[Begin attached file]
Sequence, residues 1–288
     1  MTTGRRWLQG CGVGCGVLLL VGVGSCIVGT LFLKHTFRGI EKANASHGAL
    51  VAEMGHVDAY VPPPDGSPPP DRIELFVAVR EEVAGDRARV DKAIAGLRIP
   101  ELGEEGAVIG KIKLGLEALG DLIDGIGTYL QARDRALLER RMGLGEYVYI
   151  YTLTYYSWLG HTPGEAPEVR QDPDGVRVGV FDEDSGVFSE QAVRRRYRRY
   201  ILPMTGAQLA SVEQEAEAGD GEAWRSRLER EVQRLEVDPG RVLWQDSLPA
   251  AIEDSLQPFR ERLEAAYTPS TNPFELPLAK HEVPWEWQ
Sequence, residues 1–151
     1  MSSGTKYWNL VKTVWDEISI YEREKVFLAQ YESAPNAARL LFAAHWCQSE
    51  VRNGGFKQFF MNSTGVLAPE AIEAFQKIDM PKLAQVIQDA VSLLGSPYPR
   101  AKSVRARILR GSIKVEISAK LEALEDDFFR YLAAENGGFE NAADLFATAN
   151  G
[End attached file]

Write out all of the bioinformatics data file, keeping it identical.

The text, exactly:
Sequence, residues 1–288
     1  MTTGRRWLQG CGVGCGVLLL VGVGSCIVGT LFLKHTFRGI EKANASHGAL
    51  VAEMGHVDAY VPPPDGSPPP DRIELFVAVR EEVAGDRARV DKAIAGLRIP
   101  ELGEEGAVIG KIKLGLEALG DLIDGIGTYL QARDRALLER RMGLGEYVYI
   151  YTLTYYSWLG HTPGEAPEVR QDPDGVRVGV FDEDSGVFSE QAVRRRYRRY
   201  ILPMTGAQLA SVEQEAEAGD GEAWRSRLER EVQRLEVDPG RVLWQDSLPA
   251  AIEDSLQPFR ERLEAAYTPS TNPFELPLAK HEVPWEWQ
Sequence, residues 1–151
     1  MSSGTKYWNL VKTVWDEISI YEREKVFLAQ YESAPNAARL LFAAHWCQSE
    51  VRNGGFKQFF MNSTGVLAPE AIEAFQKIDM PKLAQVIQDA VSLLGSPYPR
   101  AKSVRARILR GSIKVEISAK LEALEDDFFR YLAAENGGFE NAADLFATAN
   151  G